Ben Greenfield is an ex-bodybuilder, Ironman triathlete, Spartan racer, coach, speaker and author of Beyond Training: Mastering Endurance, Health and Life. In 2008, Ben was voted as NSCA’s Personal Trainer of the year and in 2013 was named by Greatist as one of the top 100 Most Influential People In Health And Fitness.
What was your childhood like? Any particular experiences/stories that shaped your adult life?
Raised in rural North Idaho, I was homeschooled K-12 – a complete nerd. I was the president of the chess club, played violin for 13 years, wrote fantasy fiction and spent most of my childhood years with his nose in a book.
As a result, I developed an enormous amount of creativity and outside-the-box thinking that I now apply to…drumroll please…the world of fitness and biohacking.
Tell me about one of the darker periods you’ve experienced in life. How you came out of it and what you learned from it?
I can’t think of a single dark period I’ve ever had, knock on wood. I have a strong belief that if you have a real passion for what you do, plenty of love and relationships in your life, and a hope and belief in a higher power who has written a magical story for your existence, those dark periods will seldomly come, and when they do, they’re much less dark than you’d think.
I produce one piece of “art” each day, whether an audio, a video, an article or some other piece of helpful content that educates or entertains people.'I produce one piece of “art” each day, whether an audio, a video, an article or some other piece of helpful content that educates or entertains people.'Click To Tweet
I’ve been doing that for over a decade, and, as a result, have over 4000 unique pieces of content that help to establish me as an expert, to build trust and to help many, many folks.
What advice would you give to your younger self?
That’s quite simple really. Buy stock in Apple, Google, purchase a bit of cryptocurrency, bank your stem cells.
But seriously, and on a related note, I would have begun to invest in promising companies even earlier than I did – I had a great deal of education and smarts about the industry as a youngster, and in my youth, should have put a bit more money into investments and a bit less into savings or “hoarding” of wealth.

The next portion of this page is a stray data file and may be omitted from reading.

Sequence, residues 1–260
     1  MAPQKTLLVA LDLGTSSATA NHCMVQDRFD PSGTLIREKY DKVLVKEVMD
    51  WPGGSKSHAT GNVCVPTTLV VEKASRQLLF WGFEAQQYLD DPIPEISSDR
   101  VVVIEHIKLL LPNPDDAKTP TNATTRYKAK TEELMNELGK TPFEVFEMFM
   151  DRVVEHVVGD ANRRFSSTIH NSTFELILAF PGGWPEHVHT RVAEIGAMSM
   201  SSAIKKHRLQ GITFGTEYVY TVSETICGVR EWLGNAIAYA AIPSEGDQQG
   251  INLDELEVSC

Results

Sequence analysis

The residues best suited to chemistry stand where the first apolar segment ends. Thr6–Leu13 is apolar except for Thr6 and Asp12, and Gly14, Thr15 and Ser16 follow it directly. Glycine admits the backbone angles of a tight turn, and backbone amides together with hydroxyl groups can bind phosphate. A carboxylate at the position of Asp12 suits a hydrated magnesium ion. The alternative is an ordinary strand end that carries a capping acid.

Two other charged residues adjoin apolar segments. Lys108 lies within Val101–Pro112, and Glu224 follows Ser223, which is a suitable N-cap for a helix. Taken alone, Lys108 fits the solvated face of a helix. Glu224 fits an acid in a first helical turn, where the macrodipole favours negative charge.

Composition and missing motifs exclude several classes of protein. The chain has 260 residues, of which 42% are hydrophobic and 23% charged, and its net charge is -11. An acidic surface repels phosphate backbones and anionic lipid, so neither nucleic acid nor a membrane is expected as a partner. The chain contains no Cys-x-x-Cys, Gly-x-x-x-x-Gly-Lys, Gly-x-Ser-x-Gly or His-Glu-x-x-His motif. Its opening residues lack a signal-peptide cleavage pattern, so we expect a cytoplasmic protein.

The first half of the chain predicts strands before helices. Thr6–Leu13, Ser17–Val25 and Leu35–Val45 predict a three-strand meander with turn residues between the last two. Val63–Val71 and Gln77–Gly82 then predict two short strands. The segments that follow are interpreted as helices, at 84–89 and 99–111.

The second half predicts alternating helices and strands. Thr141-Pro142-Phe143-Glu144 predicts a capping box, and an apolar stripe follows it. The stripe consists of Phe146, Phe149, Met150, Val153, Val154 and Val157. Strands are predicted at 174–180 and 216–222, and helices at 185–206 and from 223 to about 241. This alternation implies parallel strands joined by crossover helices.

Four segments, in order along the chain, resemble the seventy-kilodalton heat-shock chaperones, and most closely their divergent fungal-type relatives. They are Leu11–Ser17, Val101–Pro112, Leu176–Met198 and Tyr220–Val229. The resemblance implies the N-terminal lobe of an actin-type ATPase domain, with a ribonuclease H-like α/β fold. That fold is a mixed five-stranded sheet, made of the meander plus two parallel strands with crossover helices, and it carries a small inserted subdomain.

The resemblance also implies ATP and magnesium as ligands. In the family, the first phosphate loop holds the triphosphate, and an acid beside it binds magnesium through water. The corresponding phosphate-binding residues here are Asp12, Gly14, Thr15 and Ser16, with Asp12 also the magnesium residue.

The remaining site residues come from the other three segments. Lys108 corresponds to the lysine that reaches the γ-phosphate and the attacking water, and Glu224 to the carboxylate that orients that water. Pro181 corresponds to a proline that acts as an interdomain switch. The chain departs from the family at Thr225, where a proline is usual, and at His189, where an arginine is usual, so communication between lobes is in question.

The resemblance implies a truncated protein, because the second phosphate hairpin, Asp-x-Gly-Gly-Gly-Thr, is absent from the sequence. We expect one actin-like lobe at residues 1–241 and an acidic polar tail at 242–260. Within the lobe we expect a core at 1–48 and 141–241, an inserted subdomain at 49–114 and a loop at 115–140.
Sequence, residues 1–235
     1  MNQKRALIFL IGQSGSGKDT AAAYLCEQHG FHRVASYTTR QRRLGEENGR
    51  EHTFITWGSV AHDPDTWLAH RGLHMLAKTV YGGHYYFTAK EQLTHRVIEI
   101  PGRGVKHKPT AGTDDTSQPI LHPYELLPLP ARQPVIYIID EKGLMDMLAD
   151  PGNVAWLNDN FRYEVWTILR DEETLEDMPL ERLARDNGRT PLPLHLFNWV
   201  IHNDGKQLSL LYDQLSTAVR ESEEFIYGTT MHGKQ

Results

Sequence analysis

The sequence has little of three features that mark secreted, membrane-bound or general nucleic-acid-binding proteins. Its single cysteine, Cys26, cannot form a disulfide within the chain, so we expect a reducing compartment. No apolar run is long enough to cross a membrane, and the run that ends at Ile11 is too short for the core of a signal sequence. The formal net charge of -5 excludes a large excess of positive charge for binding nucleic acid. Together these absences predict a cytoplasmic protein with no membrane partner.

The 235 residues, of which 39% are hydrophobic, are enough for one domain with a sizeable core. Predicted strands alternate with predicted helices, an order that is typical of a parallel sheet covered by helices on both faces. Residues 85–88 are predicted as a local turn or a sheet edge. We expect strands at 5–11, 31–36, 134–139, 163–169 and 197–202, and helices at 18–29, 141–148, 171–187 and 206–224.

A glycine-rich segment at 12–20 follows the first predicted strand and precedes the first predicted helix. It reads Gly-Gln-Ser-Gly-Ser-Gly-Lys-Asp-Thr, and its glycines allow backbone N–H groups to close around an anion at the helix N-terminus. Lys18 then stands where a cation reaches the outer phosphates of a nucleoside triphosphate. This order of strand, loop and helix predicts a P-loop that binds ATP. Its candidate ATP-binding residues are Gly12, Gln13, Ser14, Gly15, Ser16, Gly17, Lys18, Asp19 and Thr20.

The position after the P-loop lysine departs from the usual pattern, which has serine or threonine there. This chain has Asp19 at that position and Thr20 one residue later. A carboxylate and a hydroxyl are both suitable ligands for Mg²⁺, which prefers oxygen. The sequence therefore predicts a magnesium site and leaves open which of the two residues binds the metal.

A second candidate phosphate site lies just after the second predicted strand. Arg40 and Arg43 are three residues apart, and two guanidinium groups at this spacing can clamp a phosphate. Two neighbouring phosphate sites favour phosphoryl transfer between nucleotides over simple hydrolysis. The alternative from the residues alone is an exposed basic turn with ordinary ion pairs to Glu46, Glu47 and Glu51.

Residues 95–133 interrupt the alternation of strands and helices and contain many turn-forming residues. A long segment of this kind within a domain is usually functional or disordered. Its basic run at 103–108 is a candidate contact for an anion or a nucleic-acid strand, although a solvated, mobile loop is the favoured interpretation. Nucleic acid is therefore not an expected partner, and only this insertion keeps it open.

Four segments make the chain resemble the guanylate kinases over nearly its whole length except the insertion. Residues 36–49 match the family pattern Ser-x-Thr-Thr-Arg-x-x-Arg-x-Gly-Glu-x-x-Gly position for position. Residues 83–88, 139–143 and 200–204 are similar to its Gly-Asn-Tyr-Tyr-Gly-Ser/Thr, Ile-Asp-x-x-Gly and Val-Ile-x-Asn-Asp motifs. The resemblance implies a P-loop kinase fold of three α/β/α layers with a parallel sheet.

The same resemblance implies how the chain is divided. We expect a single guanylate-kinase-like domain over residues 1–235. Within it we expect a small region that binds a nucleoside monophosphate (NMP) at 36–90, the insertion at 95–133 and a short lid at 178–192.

What are bad recommendations you hear in your profession or area of expertise?
“Get up early and crush the day” is a common one. I personally like to “ease” into my day with deep breathing, spiritual reading, gratitude journaling, meditation, and an easy-going mentality that keeps the stress of the day much lower than charging out of bed to go throw down a Crossfit workout or hard run.
What is your morning routine?
Wake. Unless I have a flight to catch, I do not use an alarm, and ensure that I only book appointments, calls and work after 9 am, so that if I do sleep in, I’m able to follow my body’s natural clock and not get “fired from work”.
I remove my huge, wraparound Sleep Number eye mask and ear plugs (get the kind you’d use on a gun shooting range – something that really drowns out the noise).
I then roll over, strap on a Bluetooth-enabled heart rate monitor (most models work but here’s an exact list of compatible ones), smear conducting gel all over the monitor electrodes, and do a 5 minute measurement of my heart rate variability (HRV), nervous system readiness and stress using the NatureBeat app.
While I monitor my HRV, I complete a morning entry into my Five Minute Journal, practice box breathing meditation, read my Bible and pray.
Walk downstairs to the kitchen. I pour 20oz of water, into which I add 10 drops of lemon essential oil and 5 drops oil of oregano. As I drink this water, I take my morning supplements and there’s currently quite a few – specifically:
- 5g CREO2 Creatine
- 2 capsules NatureCleanse
- 4 capsules NatureColostrum
- 2 capsules Caprobiotics Advanced
- 1 capsule Aggressive Strength Testosterone Booster
- 1 capsule Aggressive Strength Estrogen Control
After swallowing this small drugstore’s worth of capsules, I put on the water to boil for coffee and head down to the basement gym.
In the gym, I flip on the lights, which powered by a special kind of bulb called “Awake And Alert“. These bulbs crank out massive amounts of blue light, and if the day is gray, I’ll head to the gym rather than the backyard patio for a massive dose of light.
Then, I proceed to do my 10 minute morning stretch routine, which frankly, is still pretty dang close to what I was doing 5 years ago. Some things never change. The only major difference is that I add 10 dead-hang pull-ups at the end of the stretch.